15. Piao S, Ma J, Wang W, Liu Y, Zhang M, Chen H, Guo F, Zhang B, Guo F. Increased expression of USP22 is associated with disease progression and patient prognosis of salivary duct carcinoma. Oral Oncol.2013;49: 796-801.

16. Ning J, Zhang J, Liu W, Lang Y, Lang Y, Xue Y, Xu S. Overexpression of ubiquitin-specific protease 22 predicts poor survival in patients with early-stage non-small cell lung cancer. Eur J Histochem. 2012;56: e46.

17. Piao S, Liu Y, Hu J, Guo F, Ma J, Sun Y, Zhang B. USP22 is useful as a novel molecular marker for predicting disease progression and patient prognosis of oral squamous cell carcinoma. PloS One. 2012;7: e42540.

18. Liu Y L, Yang Y M, Xu H, Dong XS. Increased expression of ubiquitin-specific protease 22 can promote cancer progression and predict therapy failure in human colorectal cancer. J Gastroenterol Hepatol.2010;25: 1800-1805.

19. Zhang XY, Harla K, Pfeiffer, Alan W, Thorne, Steven B McMahon. (2008) USP22, an hSAGA subunit and potential cancer stem cell marker, reverses the polycomb-catalyzed ubiquitylation of histon H2A. Cell Cycle 7:11, 1522-1524.

20. Liu YL, Jiang SX, Yang YM, XU H, Lui JL, Wang XS. (2012) USP22 acts as an oncogene by the activation of BMI-1-mediated INK4a/ARF pathway and Akt pathway. Cell Biochem Biophys 62:229-235.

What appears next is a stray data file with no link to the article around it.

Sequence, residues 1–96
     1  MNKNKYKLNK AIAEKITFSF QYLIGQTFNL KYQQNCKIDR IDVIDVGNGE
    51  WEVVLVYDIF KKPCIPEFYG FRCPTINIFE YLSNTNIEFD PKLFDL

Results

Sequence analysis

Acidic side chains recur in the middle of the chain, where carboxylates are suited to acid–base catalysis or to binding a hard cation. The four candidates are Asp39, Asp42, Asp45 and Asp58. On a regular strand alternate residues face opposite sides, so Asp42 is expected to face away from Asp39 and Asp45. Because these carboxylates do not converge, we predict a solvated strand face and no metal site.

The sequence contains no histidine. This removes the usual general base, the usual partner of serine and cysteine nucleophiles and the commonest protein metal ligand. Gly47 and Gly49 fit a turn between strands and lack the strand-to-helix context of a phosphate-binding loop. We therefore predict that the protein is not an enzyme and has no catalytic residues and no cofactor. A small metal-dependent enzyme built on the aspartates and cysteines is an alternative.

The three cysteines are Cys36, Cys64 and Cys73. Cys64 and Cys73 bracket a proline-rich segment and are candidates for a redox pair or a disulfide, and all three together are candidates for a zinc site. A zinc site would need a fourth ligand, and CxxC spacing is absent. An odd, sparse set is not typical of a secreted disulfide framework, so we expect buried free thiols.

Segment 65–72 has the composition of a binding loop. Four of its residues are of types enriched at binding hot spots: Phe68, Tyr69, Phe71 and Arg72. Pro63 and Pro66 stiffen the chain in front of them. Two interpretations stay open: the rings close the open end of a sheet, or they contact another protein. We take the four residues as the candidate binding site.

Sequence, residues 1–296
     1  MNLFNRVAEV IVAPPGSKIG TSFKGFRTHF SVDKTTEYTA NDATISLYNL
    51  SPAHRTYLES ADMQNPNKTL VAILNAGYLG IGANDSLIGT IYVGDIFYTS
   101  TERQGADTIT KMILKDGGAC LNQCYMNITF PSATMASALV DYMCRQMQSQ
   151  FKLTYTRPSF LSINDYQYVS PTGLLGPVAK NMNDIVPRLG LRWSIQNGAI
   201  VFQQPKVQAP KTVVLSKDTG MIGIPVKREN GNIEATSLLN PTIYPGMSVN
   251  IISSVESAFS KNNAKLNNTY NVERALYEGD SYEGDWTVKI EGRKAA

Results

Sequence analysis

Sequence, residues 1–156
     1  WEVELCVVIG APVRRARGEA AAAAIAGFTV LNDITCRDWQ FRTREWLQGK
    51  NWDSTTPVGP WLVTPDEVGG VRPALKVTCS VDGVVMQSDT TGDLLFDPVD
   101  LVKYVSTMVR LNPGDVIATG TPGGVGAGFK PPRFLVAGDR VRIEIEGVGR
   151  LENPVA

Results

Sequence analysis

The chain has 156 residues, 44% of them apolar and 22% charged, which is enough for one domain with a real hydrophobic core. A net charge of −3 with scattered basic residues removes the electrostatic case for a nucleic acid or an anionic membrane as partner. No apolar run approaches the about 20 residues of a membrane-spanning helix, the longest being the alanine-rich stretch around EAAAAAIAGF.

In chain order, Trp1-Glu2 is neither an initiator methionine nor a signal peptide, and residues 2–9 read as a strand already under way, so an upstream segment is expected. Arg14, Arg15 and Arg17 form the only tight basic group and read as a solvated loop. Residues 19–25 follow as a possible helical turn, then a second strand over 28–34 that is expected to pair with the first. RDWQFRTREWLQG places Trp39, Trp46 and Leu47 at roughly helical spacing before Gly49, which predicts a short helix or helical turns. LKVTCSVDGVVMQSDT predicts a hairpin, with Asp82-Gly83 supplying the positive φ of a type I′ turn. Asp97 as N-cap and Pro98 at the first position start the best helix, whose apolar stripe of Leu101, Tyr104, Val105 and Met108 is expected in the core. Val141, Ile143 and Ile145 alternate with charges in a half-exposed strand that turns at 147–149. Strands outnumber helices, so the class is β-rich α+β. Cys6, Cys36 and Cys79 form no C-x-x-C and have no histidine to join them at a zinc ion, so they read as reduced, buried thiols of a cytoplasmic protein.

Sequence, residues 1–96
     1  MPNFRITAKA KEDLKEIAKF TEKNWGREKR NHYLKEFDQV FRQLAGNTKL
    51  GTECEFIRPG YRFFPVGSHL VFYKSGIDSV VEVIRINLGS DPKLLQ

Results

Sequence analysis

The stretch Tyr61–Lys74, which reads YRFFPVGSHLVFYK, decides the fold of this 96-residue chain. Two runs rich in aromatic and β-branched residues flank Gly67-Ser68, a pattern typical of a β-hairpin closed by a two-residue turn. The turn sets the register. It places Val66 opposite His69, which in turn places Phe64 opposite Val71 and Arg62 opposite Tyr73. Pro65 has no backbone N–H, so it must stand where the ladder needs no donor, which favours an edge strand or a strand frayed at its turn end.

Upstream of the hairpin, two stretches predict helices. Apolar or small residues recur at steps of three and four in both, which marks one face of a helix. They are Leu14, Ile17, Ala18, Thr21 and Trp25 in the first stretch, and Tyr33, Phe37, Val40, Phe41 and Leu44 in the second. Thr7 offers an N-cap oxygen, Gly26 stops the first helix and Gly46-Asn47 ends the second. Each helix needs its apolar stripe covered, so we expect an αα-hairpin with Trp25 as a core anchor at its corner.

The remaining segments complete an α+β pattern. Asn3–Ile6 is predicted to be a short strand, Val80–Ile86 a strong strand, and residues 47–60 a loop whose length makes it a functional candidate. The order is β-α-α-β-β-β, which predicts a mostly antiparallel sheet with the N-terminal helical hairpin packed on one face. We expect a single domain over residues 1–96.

21. Liu YL1, Jiang SX, Yang YM, Xu H, Liu JL, Wang XS.USP22 acts as an oncogene by the activation of BMI-1-mediated INK4a/ARF pathway and Akt pathway. Cell Biochem Biophys.2011;62: 229-235.

22. Liang J, Yu Y, Wang B, Lu B, Zhang J, Zhang H, Ge P. Ginsenoside Rb1 attenuates oxygen-glucose deprivation-induced apoptosis in SH-SY5Y cells via protection of mitochondrial and inhibition of AIF and cytochrome c release. Molecules.2013;18: 12777-92.

23. Li J, Wang Z, Li Y. USP22 nuclear expression is significantly associated with progression and unfavorable clinical outcome in human esophageal squamous cell carcinoma. J Cancer Res Clin Oncol.2012;138: 1291-1297.

24. Cheng AL, Huang WG, Chen ZC, Peng F, Zhang PF, Li MY, Li F, Li JL, Li C, Yi H, Yi B, Xiao ZQ. Identification of novel nasopharyngeal carcinoma biomarkers by laser capture microdissection and proteomic analysis. Clin Cancer Res.2008;14: 435-445.

25. Zlobec I, Steele R, Terracciano L, Jass JR, Lugli A. Selecting immunohistochemical cut-off scores for novel biomarkers of progression and survival in colorectal cancer. J Clin Pathol.2007;60: 1112-1116.


Creative Commons License All site content, except where otherwise noted, is licensed under a Creative Commons Attribution 3.0 License.
PII: 3705